In several recent posts, I've been complaining about life and politics here in Atlanta and noting my "I've -got-to-get-out-of-here" reaction. But on the other hand, realizing I will probably be leaving soon also makes me appreciate what I've got here. The house looks show-room ready now - the best shape it's been in since I moved here. This weekend I did some touch-up paint on the master-bath cabinets and planted some impatiens in the garden and various flowerpots around the yard. But in addition to a nice house, I'm also fortunate to have a very accommodating Zen Center a short five-mile drive from my house.
To be honest, all of the time spent on the road recently has been bad for my meditation practice. Staying in hotel rooms in Portland, Houston, and Alexandria without a zafu (meditation cushion) or any other good means of support has caused me to put my sitting off until "tomorrow," but "tomorrow" becomes "the day after tomorrow," becomes "next week," and so on. To be sure, while in Portland, I did visit the Dharma Rain Zen Center there and got an hour or so of meditation in on Sunday mornings, but one hour on Sunday mornings hardly constitutes a lifestyle practice.
Since I've been back in Atlanta, I've started to settle back into my old routine, and ever since I've gotten rid of the floating pink linguini I've been devoting more time to my home meditation practice. Which is appropriate, because we've now started our summer ango at the Atlanta Soto Zen Center.
Ango, literally "dwelling in peace" in Japanese, is defined by the Shambhala Dictionary of Buddhism and Zen, a handy reference book, as "a three-month period of intensified spiritual training in a Zen monastery during the rainy season in summer (hence also ge-ango, 'summer ango'; or u-ango, 'rain ango')."
We're a lay center, not a monastery, so our approach to ango might be different from other Zen centers. Ango is not like sesshin, wherein one spends most of the day in meditation, breaking only for meals and occasional lessons, but it's more a matter of increasing the intensity of our daily practice as we continue in our home life. If we normally sit for a half-hour a day, we try for an hour a day. If we typically go to the zendo twice a week, we try making it daily.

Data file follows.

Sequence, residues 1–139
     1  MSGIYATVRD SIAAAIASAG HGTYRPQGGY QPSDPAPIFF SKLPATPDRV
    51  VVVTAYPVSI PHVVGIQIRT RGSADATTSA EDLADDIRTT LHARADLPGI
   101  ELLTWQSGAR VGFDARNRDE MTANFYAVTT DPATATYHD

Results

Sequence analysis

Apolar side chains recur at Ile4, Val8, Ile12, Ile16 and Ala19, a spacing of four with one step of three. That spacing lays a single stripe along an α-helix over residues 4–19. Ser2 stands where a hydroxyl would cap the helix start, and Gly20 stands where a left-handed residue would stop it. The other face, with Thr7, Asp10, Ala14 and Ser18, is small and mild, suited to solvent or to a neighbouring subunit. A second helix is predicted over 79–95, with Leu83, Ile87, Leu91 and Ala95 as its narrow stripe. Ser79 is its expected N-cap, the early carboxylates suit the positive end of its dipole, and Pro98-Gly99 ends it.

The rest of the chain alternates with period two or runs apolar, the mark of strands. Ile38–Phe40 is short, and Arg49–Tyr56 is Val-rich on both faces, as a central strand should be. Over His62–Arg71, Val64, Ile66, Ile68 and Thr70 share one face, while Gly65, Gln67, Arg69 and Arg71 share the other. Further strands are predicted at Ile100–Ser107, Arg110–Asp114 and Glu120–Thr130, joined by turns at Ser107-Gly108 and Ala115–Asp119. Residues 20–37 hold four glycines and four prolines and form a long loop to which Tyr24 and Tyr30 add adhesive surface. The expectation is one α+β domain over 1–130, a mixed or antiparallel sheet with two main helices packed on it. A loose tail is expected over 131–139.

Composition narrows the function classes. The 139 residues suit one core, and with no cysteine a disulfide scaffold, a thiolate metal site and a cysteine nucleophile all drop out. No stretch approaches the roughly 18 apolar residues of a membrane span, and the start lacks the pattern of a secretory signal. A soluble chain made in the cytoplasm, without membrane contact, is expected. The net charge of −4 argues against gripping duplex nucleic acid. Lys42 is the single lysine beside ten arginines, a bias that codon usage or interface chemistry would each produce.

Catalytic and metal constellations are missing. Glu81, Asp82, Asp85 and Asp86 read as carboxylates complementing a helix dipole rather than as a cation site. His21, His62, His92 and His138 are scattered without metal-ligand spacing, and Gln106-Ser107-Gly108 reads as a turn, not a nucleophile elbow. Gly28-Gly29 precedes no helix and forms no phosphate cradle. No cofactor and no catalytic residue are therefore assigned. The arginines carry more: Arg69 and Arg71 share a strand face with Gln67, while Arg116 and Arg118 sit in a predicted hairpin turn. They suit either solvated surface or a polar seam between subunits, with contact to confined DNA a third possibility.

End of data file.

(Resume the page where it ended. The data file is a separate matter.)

So, after sitting for 50 minutes on Sunday and doing my usual Monday-night service, last week I devoted 50 minutes to meditation on each of Tuesday and Wednesday nights, and went to the Zen Center on Thursday night for the official start of our ango period. On Friday, there was no activity at the center, so I sat at home (50 minutes), but did go to the center Saturday for the morning service.
This morning, I woke up a little later, and yet still a little more tired, than I had expected, and I decided that I didn't really need to go to the center after all - I could sleep a little longer and then do my practice at home on my own time. But at the last possible minute, I bound out of bed, washed some coffee down my throat, and drove over to the center in time for the morning service. After all, it's ango, and I intend to put a little more oomph in my practice. How much longer will I still have a Zen Center 15 minutes away?
In the Gengo-Koan, Zen Master Dogen famously warned that "Driving ourselves to practice and experience the myriad dharmas is delusion." It's easy to use that line as an excuse to lighten up on our practice - why strive so hard?, after all, Dogen said that's delusion. But Dogen wasn't discouraging practice - in the next line, he says that the state of realization is when the myriad dharmas actively practice and experience ourselves. It's a matter of perspective - in realization, it's not the willful self that bounds out of bed to go to the center, but it's commitment to practice that pulls you out of bed and drags your ass to a zafu at the center. "You" just get dragged along for the ride.
Our summer ango (ge-ango) is for three months. We'll see how things go.